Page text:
Meet Malta — an archipelago of islands, set in the middle of the Mediterranean. Within an earshot of southern Italy, this destination is one that is hardly known by most.

When I told people I was heading to Malta, many asked where in the world this place was. Noted as one of the best secret destinations of Europe, I’m happy to report back it is everything I hoped it would be.


A brief history

With a historic and strategic location, Malta has had a hand in almost all chapters of history. In short, the Phoenicians, Romans, and Byzantines all made their way through the islands. Christianity came to the island by way of St. Paul in 60 A.D. and then in 870 A.D. the Arabs conquered the island. The Arab influence played a large hand in the Maltese language, where traces of Arabic can be found in the verbiage.  The story continues on to the short-lived conquering of the island by Napoleon Bonaparte for the French in 1798. The final chapter landed with a British ruling until 1964 a few years after the French conquered. Malta then became a Republic in 1974 and is now part of the European Union as of 2004.


The islands of Malta

Malta is an archipelago of 7 islands, of which three are inhabited. Malta is the larger island, with the capitol city of Valletta, and many sights. Gozo is the smaller island, reachable by ferry and maintaining a calmer temperament and a coastline that is out of this world. Between the two lies Comino, which is car free and only has two residents.


Why visit Malta?

You know when you find a secret spot, that feels like it’s just yours, and suddenly you don’t want to share it? That is exactly how I feel about Malta. Named the number three spot on NY Times’ 52 Places to Go this year, the Mediterranean destination is a lesser-known island that truly has it all.

  • The Mediterranean influence is alive and well in Malta. An easy take on life, a slow-paced island vibe, and warm hospitality is the determined atmosphere of Malta.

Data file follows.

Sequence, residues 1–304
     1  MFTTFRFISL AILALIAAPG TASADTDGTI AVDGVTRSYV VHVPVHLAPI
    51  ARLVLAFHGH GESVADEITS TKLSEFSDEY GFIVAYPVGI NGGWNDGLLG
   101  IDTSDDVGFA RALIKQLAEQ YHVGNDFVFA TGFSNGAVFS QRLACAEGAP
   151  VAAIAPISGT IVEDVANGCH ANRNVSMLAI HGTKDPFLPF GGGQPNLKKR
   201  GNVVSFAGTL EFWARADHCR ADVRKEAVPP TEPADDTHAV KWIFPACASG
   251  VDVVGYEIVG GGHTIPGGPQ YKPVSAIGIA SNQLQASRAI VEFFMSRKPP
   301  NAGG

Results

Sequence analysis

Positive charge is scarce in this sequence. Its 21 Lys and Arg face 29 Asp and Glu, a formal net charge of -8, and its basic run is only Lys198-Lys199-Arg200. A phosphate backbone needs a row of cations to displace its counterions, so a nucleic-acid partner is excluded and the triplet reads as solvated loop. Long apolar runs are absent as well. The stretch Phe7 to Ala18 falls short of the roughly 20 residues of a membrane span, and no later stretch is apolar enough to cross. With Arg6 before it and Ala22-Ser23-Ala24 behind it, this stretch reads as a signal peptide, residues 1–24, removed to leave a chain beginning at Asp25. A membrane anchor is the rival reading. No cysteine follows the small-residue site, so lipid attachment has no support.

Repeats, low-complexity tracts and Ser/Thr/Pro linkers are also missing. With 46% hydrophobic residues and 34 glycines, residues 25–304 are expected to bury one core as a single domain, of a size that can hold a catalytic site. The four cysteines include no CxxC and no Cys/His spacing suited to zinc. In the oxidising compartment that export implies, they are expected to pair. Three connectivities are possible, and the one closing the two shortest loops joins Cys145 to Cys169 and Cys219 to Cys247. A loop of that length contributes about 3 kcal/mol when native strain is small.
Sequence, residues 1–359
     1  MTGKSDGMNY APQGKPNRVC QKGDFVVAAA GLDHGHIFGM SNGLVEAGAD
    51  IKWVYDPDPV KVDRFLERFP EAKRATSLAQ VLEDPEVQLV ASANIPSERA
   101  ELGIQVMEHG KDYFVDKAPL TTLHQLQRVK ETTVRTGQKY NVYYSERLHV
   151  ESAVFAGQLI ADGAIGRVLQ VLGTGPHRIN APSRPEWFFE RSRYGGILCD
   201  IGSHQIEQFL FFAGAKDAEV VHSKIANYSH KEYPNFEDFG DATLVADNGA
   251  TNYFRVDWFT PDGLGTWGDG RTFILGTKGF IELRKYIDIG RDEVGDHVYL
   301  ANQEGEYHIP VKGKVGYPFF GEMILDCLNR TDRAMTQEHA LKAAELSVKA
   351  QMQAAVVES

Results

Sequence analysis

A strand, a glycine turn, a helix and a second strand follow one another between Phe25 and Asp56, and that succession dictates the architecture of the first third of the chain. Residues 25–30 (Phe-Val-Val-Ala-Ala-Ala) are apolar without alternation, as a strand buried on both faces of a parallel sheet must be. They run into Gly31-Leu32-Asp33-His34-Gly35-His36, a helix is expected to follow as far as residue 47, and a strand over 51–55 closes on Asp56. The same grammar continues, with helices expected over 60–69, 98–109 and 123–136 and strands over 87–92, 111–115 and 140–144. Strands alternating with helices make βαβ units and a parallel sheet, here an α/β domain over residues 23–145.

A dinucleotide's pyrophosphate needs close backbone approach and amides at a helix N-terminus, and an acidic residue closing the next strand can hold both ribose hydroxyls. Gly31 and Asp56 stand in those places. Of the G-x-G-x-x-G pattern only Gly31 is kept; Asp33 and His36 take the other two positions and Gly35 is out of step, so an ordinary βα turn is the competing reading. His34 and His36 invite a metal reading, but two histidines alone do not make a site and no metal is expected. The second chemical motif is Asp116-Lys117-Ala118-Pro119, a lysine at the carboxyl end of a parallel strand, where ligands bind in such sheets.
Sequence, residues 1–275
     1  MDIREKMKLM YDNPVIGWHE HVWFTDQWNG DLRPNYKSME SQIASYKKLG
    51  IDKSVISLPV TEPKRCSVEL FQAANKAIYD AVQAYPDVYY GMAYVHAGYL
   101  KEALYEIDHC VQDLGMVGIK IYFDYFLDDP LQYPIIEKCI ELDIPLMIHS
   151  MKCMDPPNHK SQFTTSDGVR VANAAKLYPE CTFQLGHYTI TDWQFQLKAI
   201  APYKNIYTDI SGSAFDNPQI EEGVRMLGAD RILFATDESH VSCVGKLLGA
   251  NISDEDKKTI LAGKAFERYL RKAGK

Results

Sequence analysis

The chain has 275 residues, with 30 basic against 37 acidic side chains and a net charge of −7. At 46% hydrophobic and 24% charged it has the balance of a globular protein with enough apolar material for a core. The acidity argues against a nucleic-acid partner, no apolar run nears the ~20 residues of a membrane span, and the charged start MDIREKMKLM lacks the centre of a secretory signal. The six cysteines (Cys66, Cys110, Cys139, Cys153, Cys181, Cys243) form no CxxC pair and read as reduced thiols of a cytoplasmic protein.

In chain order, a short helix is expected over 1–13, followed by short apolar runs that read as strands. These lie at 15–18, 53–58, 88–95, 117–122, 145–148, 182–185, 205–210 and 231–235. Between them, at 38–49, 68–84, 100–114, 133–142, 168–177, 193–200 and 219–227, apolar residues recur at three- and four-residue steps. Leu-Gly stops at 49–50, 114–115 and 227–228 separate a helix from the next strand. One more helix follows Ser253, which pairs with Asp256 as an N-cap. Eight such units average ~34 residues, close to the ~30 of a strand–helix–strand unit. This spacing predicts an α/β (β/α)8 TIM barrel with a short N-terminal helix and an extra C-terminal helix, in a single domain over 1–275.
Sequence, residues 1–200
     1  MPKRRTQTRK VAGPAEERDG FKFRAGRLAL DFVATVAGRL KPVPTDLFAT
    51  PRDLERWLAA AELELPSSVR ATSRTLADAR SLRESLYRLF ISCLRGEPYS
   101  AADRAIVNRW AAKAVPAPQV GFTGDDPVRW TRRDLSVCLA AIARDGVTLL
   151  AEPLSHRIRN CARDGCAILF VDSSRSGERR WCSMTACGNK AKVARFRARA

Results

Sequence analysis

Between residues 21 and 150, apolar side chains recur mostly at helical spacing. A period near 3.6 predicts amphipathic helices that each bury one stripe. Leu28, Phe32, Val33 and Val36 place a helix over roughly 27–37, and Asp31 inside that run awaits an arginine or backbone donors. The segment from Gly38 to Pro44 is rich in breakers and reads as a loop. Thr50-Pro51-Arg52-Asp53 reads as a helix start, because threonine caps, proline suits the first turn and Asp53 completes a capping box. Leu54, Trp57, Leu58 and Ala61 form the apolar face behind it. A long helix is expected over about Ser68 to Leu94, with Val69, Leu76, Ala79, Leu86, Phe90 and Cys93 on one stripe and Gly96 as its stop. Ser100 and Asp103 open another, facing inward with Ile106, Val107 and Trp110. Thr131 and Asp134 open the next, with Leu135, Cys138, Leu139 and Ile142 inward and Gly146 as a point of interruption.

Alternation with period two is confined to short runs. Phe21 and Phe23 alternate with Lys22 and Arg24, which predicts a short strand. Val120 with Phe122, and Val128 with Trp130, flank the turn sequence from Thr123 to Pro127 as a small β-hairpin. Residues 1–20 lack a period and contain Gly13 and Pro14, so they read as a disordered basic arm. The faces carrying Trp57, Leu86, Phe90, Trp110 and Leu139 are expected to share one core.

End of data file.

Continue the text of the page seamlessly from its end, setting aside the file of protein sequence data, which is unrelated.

• The climate is something that I found to be the most attractive aspects of visiting Malta. With three hundred days of sunshine, it truly feels like an endless summer on Malta.

  • The approachable size gives you an opportunity to experience the rich history and culture at a proper pace. Though the island is small, there is enough to do to fill more than a week’s time.
  • There’s endless culture and history. Malta, Gozo, and Comino are drenched in history. There are multiple historic sites, like the UNESCO World heritage site of Ggantija Temples which are the oldest, free standing monuments in the world (1,000 years older than the Egyptian pyramids of Giza.) Valletta, the capital city of Malta, is a fortified city also listed as a UNESCO World Heritage Site, showcasing many monuments and historic streets. Also to note: Valletta is set to be the European Capital of Culture in 2018.

  • Malta feels untouched. Hardly known, the island doesn’t feel ridden with tourists. The streets are lively, yet not packed.
  • It’s easy to travel in Malta. With two languages spoken, Maltese and English, there is no need to fear if you haven’t brushed up on the local language.
  • Traveling to Malta is affordable. The Mediterranean islands typically have a reputation for being costly — well not Malta. Affordable, and well-priced accommodations and food make it easy to live like a Maltese king or queen.

  • The cuisine of Malta is delightful. It is as if the best of three worlds came together and produced the Maltese Cuisine. Flares of Italian, traditions of Arabs, and Mediterranean ingredients combine together to produce Maltese food. Local cheese, fresh white wines, and fresh seafood are just a few of the opportunities to taste Malta.
  • The coastline is the ultimate ocean-lover’s destination. Whether you go dive in the Blue Hole of Gozo, float in the Blue Lagoon of Comino, or sunbathe on the rocks of Anchor Bay, one thing is for sure: these are the clearest waters in the Mediterranean.

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